The office of the children’s commissioner has released its assessment (pdf) of the child rights impact of the welfare (reform) bill, and it is overwhelmingly critical of the proposed changes.
Writing on the benefits cap, the commissioner’s office concluded that likely outcomes were “an increase in child poverty”, “children losing their home”, and “incentivising family breakdown“. In addition, they warned of a disproportionate impact on children from some BME groups, children living with kinship carers, and disabled children and children of disabled parents.
The limiting of housing benefit to just 30 per cent of the value of local rents comes under criticism, with the office noting it will likely result in:
An increase in child poverty, with associated poor health, educational and other outcomes; children losing their home as a result of it becoming unaffordable; and effects upon children of in-country migration.
They are also concerned about universal credit, particularly the decision to reduce the amount available to disabled children:
It is unclear why provision for disabled children is intended to mirror that for disabled adults since children under 16 are not expected to increase their income by finding work.
…[Some] disabled children will lose £27.09pw. The government estimates this change will affect around 100,000 disabled children. Due to care needs and difficulty of accessing affordable and suitable childcare for disabled children parents/carers are less able to mitigate the effects of this loss by accessing more earned income.
In all, the children’s commissioner is concerned about the impact of the welfare bill on ten articles of the UN convention on the rights of the child:
Article 2: The right to enjoy all human rights, without discrimination
Article 3: That the best interests of the child must be a primary consideration
Article 6: The right to life and to develop “to the maximum extent possible”
Article 9: The right for children not to be separated from their parents against their will
Article 12: The right for children to participate and express their views
Article 16: The right to private and family life
Article 19: The right to protection from child maltreatment
Article 23: The right for disabled children to enjoy a “full and decent life”, and their right to “special care” and assistance
Article 24: The right to enjoy “the highest attainable standard of health”
Article 26: The right to benefit from social security
Other choice quotes include:
For families already living in poverty, [the benefit cap] is likely to result in money that would ordinarily have been spent on necessities for children’s health and wellbeing: heating, warm clothing, nutrition, etc, being diverted to housing costs.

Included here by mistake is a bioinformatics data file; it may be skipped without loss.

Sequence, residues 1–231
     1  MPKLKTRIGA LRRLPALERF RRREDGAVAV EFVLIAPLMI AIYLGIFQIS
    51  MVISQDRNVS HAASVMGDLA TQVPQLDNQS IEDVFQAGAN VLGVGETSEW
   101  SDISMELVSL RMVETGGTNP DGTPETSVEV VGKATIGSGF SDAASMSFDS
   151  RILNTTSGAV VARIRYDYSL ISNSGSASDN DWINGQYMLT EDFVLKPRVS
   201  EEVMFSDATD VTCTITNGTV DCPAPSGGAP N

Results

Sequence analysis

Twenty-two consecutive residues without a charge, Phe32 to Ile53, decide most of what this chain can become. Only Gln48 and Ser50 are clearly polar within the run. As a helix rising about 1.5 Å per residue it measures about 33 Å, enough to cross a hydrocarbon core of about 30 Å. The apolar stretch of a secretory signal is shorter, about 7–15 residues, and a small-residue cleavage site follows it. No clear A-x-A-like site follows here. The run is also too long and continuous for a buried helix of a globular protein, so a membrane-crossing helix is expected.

Viewing the child as the holder of the right to social security both makes plain the discriminatory effect of the cap (eg on family size grounds) and counters the argument that parents can find work in order to avoid the imposition of the cap, since children are powerless to affect this.
We are particularly concerned at the potential impact of clause 68 [the housing allowance cap] on children living in domestic violence refuges, where rents tend to be higher…
In hindering the ability of children living with domestic abuse to escape an abusive situation due to the lack of financial autonomy of their non-abusive parent, the Universal Credit provisions fail to take all appropriate legislative measures to protect children from domestic abuse.
Today, the Lords debate whether or not to time-limit the employment support allowance. Campaigner Sue Marsh has written a deeply personal account of how losing this lifeline would affect her:
For my family (and DWP estimates show that another 700,000 families like mine will be affected) the impact of losing that £388.45 a month will be devastating. We already live below the official poverty line and can’t pay our bills.
Soon we will have no savings left and taking away £4,661 a year from us will mean we lose everything. As I mentioned, it is three times more than higher rate tax payers will lose in child benefit yet this is a cut that will affect some of the poorest households in Britain.
This bad bill must be stopped.
• Everyone concerned about welfare reform needs to step up to the mark – Declan Gaffney, January 10th 2012
• Disability minister ignorant on how legal aid cuts affecting disabled people – Alex Hern, January 10th 2012
• Time to step forward on the Spartacus report – Alex Hern, January 9th 2012
• Boris has slammed Coalition welfare reforms – from the left – Daniel Elton, January 6th 2012
• Five reasons to oppose the welfare bill – Daniel Elton, December 12th 2011